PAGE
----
Abstract: We build a model that takes into consideration the evolution of health over the life cycle and its consequences on individual optimal choices. In this framework, the effects of environmental taxation are not limited to the traditional negative crowding-out and positive productivity effects. We show that environmental taxation generates new general equilibrium effects ignored by previous contributions. Indeed, as the environmental tax improves the health profile over the life-cycle, it influences saving, labor supply, and retirement. We also show that whether those general equilibrium effects are positive or negative for the economy crucially depends on the degree of substitutability between young and old labor. Our numerical examples suggest that ignoring those new effects may result in large overstatement of the negative effect of an increase in environmental taxation on output, and understatement of the positive effect on welfare. ∗
    Keywords: Health ; environmental policy ; economic growth
    Date: 2014–05–13
  6. By: Philippe Choné (Centre de Recherche en Économie et Statistique); Guy Laroque (Centre de Recherche en Économie et Statistique)
    Abstract: This article aims at understanding the interplay between pension schemes and tax instruments. The model features extensive labor supply in a stationary environment with overlapping generations and perfect financial markets. Compared with the reference case of a pure taxation economy, we find that taxes become more redistributive when the pension instrument is available, while pensions provide incentives to work.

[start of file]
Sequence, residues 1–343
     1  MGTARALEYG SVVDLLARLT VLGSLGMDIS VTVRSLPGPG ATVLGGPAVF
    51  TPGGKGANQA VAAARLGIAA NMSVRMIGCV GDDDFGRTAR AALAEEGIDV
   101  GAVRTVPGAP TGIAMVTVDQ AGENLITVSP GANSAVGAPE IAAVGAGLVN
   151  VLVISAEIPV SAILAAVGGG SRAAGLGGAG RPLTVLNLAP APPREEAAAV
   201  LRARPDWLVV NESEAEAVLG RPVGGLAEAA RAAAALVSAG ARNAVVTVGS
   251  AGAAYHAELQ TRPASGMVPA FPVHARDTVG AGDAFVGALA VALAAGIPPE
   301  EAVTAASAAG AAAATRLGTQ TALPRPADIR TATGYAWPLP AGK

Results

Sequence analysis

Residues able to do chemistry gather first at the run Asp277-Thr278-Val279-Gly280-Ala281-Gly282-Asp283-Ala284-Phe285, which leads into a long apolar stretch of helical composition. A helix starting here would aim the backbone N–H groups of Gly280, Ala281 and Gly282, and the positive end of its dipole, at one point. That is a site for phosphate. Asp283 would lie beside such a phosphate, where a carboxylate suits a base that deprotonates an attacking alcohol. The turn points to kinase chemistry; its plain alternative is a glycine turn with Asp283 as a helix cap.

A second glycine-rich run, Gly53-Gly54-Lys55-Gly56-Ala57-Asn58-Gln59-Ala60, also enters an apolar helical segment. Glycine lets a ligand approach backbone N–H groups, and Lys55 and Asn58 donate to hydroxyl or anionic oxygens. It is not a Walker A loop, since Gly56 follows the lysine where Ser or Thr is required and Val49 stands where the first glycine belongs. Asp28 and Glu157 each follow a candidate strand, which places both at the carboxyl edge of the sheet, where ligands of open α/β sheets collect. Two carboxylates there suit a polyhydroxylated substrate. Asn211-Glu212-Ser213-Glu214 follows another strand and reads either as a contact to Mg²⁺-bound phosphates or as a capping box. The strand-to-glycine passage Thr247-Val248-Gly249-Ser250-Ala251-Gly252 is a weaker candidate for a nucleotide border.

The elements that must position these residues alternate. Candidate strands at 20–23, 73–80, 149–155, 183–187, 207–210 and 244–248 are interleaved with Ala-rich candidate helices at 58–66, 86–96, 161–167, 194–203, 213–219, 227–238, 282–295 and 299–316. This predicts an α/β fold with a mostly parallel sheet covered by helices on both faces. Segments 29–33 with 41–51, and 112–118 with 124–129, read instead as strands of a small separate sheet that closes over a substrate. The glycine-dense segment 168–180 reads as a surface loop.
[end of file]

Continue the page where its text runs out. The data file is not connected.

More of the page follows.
Date: 2014–06
  7. By: Giovanni Caggiano (Department of Economics and Management, University of Padova); Efrem Castelnuovo (Melbourne Institute of Applied Economic and Social Research, The University of Melbourne; Department of Economics and Management, University of Padova; and Research Unit, Bank of Finland); Nicolas Groshenny (School of Economics, The University of Adelaide)
    Abstract: We investigate the effects of uncertainty shocks on unemployment dynamics in the post- WWII U.S. recessions via non-linear (Smooth-Transition) VARs. The relevance of uncertainty shocks is found to be much larger than that predicted by standard linear VARs in terms of (i) magnitude of the reaction of the unemployment rate to such shocks, and (ii) contribution to the variance of the prediction errors of unemployment at business cycle frequencies. We discuss the ability of different classes of DSGE models to replicate our results.
    Keywords: Uncertainty shocks, unemployment dynamics, Smooth Transition Vector-AutoRegressions, recessions
    JEL: C32 E32 E52
    Date: 2014–05
  8. By: Alan Finkelstein-Shapiro; Miguel Sarzosa
    Abstract: We use a dynamic stochastic general equilibrium search and matching model with salaried employment and informal self-employment to analyze the implications of introducing universal unemployment protection for informal workers through transfers, which are conditional on participation in training programs. We study how changes in unemployment benefits (UB) for unemployed workers in training programs (training UB), modify labor market outcomes for the unemployed. The model suggests that increasing training UB reduces unprotected unemployment and improves labor market outcomes through higher formal salaried employment and lower informal self-employment. Allowing for idiosyncratic quality in these training programs is key for these results. Higher training UB can also reduce total informal employment through a drastic reduction in the share of informal self-employment, without necessarily causing a large increase in total unemployment. Finally, the model suggests that increasing training UB may increase the volatility of unprotected unemployment. The influence of training programs on formal wage-setting is crucial to explain these results.